"We need eternal vigilance."
— Clay S. Jenkinson portraying Thomas Jefferson
Some of the things Jefferson did were not designed to make a statement about democracy or self-government. In some respects, Jefferson was just weird.
I’m trying to imagine a dinner party hosted by Thomas Jefferson. Perfect food, cooked in the Avant Garde French fashion, and a flight of fine wines. And Jefferson presiding, a man of perfect manners who seems to have no discernible ego.
Nobody has ever put forward the slightest piece of credible evidence that Lewis was murdered.
Here’s the constitutional crisis, what might even be called the constitutional nightmare of our time. The current president is now insisting that members of the executive branch will not be permitted to testify before Congress.
I confess that I did in fact think that more indictments were coming, perhaps even within the Trump family. I did think that Special Prosecutor Mueller would conclude that the Trump organization conspired with the Russians to influence the election. I was plainly wrong.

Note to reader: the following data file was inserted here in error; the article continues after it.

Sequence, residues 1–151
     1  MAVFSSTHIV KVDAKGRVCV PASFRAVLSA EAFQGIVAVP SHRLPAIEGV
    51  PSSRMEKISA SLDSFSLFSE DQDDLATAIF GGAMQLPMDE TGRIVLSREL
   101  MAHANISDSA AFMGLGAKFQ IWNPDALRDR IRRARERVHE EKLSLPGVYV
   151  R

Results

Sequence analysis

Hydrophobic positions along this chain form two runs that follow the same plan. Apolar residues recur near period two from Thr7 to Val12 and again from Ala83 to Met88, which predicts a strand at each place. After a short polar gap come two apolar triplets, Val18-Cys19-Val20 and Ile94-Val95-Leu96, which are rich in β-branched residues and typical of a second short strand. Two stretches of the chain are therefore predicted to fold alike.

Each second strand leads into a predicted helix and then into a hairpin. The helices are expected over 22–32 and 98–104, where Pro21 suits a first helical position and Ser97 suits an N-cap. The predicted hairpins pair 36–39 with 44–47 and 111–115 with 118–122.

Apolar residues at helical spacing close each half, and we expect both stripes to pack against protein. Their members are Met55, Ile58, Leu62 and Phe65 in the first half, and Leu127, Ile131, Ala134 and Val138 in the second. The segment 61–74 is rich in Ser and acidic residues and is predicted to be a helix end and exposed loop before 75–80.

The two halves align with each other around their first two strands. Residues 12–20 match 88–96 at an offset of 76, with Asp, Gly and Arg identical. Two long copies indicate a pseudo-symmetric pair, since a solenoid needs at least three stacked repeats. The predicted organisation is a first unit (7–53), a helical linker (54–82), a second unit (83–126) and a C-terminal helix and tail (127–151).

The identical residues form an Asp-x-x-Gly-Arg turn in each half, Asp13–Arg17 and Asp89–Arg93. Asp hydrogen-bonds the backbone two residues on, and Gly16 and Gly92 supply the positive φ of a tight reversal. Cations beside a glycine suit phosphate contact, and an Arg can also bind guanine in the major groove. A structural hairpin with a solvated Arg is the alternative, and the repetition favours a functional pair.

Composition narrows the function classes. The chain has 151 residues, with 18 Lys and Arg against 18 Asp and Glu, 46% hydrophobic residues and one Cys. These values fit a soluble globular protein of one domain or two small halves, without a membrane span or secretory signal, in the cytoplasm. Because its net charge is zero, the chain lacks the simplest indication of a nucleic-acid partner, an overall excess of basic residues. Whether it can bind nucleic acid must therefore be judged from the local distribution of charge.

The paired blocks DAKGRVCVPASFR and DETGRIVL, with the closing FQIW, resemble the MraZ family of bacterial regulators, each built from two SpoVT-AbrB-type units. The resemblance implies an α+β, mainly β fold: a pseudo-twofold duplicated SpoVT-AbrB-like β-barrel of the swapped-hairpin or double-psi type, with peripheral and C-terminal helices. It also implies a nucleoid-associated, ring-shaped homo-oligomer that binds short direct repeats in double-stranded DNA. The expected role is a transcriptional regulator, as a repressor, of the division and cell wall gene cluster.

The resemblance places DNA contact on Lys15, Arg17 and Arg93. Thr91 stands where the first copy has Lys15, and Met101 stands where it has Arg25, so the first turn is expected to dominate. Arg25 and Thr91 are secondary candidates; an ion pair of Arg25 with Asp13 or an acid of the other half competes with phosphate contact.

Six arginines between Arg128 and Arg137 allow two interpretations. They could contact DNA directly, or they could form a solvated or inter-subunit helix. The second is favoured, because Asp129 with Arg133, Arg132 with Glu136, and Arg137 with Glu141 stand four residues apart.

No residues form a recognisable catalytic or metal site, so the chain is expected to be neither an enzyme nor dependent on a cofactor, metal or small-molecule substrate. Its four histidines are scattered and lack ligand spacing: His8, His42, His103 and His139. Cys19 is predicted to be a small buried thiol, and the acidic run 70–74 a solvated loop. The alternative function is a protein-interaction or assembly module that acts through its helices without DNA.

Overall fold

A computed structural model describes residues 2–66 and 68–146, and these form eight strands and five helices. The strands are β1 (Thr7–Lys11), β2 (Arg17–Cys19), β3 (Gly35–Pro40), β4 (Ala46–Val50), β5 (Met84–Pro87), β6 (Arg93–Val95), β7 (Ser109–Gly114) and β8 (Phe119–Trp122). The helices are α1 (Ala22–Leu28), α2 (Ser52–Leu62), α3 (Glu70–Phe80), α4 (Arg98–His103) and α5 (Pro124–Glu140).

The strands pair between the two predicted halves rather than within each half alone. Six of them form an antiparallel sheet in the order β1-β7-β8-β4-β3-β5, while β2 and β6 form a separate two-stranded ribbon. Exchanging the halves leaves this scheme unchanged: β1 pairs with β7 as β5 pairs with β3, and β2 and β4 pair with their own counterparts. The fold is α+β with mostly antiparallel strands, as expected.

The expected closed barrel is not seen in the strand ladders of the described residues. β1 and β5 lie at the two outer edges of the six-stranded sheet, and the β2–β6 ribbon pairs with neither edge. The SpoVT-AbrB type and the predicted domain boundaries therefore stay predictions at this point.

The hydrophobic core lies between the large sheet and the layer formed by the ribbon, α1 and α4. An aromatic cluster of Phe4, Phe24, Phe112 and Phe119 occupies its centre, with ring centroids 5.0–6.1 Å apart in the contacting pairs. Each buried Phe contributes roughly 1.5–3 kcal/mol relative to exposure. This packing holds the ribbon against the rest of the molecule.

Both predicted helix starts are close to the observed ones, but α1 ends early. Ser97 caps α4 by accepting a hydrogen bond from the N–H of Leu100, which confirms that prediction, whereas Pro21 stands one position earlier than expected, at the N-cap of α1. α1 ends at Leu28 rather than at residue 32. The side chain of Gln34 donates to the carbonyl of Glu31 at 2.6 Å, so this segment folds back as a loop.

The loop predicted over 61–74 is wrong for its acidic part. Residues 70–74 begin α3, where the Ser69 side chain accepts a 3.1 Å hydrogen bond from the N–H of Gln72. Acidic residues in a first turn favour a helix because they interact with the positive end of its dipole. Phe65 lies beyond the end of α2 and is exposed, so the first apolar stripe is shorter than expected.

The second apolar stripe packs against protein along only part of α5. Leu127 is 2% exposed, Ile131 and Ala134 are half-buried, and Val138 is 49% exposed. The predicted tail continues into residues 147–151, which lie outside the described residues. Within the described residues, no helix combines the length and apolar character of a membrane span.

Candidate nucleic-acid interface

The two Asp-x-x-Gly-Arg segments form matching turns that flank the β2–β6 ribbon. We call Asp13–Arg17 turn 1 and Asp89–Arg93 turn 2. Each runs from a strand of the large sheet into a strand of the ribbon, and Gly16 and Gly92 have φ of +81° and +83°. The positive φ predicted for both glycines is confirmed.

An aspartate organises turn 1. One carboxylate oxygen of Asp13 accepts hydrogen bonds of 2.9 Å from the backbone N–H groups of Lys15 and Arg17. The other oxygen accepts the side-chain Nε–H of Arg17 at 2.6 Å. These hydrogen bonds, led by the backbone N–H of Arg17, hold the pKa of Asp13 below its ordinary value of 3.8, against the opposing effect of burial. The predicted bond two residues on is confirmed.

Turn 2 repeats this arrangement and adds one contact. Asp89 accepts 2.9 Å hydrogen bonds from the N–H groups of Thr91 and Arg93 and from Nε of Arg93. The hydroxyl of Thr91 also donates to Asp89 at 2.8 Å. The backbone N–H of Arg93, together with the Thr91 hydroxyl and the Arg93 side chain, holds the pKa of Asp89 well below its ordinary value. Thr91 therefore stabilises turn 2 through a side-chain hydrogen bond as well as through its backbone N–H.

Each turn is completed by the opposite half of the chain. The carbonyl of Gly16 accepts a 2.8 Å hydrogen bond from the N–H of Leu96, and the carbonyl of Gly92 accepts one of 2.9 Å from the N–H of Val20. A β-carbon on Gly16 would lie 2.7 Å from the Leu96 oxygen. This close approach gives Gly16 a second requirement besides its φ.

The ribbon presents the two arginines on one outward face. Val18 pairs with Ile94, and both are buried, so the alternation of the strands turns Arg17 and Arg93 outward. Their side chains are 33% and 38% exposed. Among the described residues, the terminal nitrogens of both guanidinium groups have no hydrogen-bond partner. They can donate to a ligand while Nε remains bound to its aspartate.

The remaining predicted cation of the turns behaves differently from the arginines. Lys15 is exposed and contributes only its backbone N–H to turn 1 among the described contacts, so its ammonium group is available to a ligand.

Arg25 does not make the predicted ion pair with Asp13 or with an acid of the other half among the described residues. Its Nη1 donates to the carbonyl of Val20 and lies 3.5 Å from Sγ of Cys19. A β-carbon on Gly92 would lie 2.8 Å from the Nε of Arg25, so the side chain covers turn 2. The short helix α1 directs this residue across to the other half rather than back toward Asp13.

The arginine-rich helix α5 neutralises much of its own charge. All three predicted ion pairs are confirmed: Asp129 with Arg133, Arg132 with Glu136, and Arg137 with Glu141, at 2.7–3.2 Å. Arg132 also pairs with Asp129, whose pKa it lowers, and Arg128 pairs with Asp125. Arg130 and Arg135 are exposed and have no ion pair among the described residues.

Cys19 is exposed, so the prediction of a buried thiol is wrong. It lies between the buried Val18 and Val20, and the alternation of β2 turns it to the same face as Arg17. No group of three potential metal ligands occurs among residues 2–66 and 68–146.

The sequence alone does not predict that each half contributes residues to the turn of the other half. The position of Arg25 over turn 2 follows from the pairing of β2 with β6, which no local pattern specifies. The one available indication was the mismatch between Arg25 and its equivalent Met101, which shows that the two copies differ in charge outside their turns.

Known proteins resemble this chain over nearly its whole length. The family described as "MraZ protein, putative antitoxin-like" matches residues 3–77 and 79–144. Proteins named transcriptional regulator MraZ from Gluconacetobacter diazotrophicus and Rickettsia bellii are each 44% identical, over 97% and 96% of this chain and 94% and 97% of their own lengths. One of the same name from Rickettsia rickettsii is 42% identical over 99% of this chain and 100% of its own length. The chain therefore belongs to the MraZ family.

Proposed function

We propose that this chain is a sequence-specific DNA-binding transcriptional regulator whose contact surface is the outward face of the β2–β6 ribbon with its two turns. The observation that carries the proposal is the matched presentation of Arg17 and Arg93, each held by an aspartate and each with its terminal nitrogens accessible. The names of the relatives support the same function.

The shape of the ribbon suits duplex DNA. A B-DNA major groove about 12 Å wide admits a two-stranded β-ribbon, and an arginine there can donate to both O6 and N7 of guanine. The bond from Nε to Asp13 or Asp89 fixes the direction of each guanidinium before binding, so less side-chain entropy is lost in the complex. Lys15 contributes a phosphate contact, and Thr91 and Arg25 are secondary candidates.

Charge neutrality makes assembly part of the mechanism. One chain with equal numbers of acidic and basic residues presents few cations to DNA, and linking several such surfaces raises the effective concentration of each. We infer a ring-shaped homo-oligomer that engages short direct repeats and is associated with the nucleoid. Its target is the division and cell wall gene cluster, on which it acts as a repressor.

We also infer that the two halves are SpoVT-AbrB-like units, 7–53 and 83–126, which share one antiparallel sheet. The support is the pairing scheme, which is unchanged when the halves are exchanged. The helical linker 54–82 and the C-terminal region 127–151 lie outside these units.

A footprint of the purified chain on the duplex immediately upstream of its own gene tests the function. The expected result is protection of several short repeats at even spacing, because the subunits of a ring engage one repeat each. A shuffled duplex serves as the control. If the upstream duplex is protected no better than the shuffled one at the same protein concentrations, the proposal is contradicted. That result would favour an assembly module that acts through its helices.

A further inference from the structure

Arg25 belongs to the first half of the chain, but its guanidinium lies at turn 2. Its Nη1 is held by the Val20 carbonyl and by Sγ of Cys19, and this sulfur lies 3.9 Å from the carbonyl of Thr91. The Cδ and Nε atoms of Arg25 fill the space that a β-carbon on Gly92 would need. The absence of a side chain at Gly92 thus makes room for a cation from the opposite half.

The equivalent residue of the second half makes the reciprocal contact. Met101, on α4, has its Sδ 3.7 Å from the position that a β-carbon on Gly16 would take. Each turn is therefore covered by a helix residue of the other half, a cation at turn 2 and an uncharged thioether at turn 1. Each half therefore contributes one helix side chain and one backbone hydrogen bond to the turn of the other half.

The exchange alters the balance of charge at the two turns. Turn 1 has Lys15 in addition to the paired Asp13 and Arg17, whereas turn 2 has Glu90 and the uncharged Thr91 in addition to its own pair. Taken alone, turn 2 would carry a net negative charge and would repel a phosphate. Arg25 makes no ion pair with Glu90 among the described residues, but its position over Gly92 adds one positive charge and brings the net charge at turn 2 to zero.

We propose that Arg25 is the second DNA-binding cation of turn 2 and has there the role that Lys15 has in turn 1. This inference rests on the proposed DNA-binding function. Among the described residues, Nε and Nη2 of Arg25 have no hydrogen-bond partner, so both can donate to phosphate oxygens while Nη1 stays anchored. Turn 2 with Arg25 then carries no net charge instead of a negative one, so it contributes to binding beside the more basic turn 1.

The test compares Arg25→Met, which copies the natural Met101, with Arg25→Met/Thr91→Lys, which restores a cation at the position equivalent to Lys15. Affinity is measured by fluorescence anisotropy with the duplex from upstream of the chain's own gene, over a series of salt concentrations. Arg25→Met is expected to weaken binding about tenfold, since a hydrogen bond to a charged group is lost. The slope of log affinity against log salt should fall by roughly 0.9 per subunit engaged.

"You want people who are moderates, who are not passionate zealots in any particular direction."
— Thomas Jefferson, as portrayed by Clay S. Jenkinson
Thomas Jefferson shares his thoughts about the workings of the Supreme Court, allows his personal irritations with the court to show, and explains how he feels the court has drifted from its rightful place in America today.
"The constitution ... is a mere thing of wax in the hands of the judiciary, which they may twist, and shape into any form they please." — Thomas Jefferson to Spencer Roane, 1819
Thomas Jefferson had a unique and slightly odd view of the proper place of the judicial branch in America. He thought of judicial independence as both a strength and a weakness of our system: you want judges that are independent of popular factionalism but you want them to be accountable to the sovereign, to the American people. Jefferson, as portrayed by Clay S. Jenkinson, discusses his concept of judicial balance, his lifelong displeasure with the Supreme Court, and some of the changes that he thinks should be made. He said of life-tenured judges, 'Few die and none resign.'